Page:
The president’s defenders, chief among them Senate Majority Leader Mitch McConnell, have already begun rigging the impeachment trial for him. They are blocking witnesses who Trump has said should testify, all while using histrionic and extralegal rhetoric to imply that what’s unlawful is the constitutional process of impeachment.

On Tuesday, Republicans voted along party lines to bar subpoenas for acting White House Chief of Staff Mick Mulvaney and former National Security Council chair John Bolton and delay a decision on others until later in the proceedings.

They did this even in the face of strong public opinion in favor of an actual trial. Trump, unable to help himself, even bragged about withholding evidence from an impeachment trial in which one of the two articles is about his obstructing justice.

Forget, for a moment, that a president being impeached should have no say whatsoever in who is called to defend or oppose him on the stand. People are allowed to weigh in on who defends them, but not to pick witnesses for the prosecution. That kind of freedom, especially if you aren’t Donald Trump, is unimaginable. We still live in an America where the racial disparities in criminal-justice outcomes are so stark that the United Nations released a report in 2018 concluding that black defendants were nearly six times as likely to be incarcerated than white defendants. For Hispanic people, it was only half that much, but still.

I would argue that the Senate impeachment trial is about to be a funhouse-mirror version of the injustices we see daily in our criminal-justice system, where defendants of color hardly ever experience a fair and evenly weighted process — let alone a Trumpian version that favors the defendant. It isn’t surprising to see a wealthy white man who has thus far escaped any serious consequences for his corporate corruption or the allegations of sexual violence against him feeling like he can dictate the terms of his own judgment, whether or not he is president of the United States. However, rather than recognizing that prerogative as harmful to a fair and legal proceeding, McConnell and company have busied themselves with covering up the president’s crime and ensuring that the public doesn’t care that they did so.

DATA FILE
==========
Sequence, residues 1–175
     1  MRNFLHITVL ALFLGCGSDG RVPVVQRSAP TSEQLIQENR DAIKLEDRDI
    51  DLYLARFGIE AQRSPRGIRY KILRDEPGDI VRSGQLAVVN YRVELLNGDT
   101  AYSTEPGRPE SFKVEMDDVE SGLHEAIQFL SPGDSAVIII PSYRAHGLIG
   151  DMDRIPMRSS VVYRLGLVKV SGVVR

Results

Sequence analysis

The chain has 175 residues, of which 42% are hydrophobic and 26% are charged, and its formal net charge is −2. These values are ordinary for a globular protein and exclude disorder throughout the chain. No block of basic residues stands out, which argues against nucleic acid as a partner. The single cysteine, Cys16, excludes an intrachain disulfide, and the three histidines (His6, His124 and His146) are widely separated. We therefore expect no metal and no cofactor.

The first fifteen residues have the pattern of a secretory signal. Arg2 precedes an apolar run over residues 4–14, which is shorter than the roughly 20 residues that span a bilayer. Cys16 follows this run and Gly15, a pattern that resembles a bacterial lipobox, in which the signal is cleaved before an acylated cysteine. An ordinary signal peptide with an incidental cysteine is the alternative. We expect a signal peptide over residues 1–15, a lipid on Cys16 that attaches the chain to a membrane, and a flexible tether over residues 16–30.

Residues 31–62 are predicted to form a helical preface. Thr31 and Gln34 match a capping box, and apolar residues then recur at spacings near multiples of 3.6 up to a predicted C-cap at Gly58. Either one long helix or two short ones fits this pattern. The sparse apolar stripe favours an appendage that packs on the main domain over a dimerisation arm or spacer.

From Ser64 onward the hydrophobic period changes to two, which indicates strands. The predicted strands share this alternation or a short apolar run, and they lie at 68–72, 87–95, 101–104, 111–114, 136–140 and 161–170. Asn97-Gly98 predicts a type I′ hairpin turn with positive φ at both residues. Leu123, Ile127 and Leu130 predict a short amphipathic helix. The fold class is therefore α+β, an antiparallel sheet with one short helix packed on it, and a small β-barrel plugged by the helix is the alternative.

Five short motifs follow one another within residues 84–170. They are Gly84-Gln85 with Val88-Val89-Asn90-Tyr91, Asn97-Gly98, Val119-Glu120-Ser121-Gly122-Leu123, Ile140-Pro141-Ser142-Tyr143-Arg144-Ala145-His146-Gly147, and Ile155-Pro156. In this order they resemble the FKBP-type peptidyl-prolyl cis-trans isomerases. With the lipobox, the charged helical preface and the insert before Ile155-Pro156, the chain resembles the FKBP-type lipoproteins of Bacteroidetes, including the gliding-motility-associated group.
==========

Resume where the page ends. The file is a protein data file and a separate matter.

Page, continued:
This is shaping up to be what the Rev. William Barber, the noted civil rights leader, likened Tuesday to the show trials of the Jim Crow South, which ensured racists went free for their provable crimes. The Trumpian era has made the inequities of our jurisprudence even more stark, but this has only encouraged more Americans to emulate the president’s behavior. As with the attempt at violent intimidation in Virginia, we are seeing what happens when misguided feelings of persecution coalesce with an entitlement granted by an America that so often tells men like this that they can do no wrong.

There is the possibility that seeing this all play out can change things. Virginia is one of the states most plagued by gun violence and mass shootings and one that has been most bereft of laws to combat them. The citizens did something about it. Trump’s presidency, carrying the mark of impeachment, may not survive another election.

However, I suspect that we would be ignoring generations of history were we to presume that America at large will see these events splashed on television and across headlines, and suddenly wake up to the evils of unchecked and extremist white power. Showing America its own ugliness, too often, has only encouraged it to disfigure itself even more.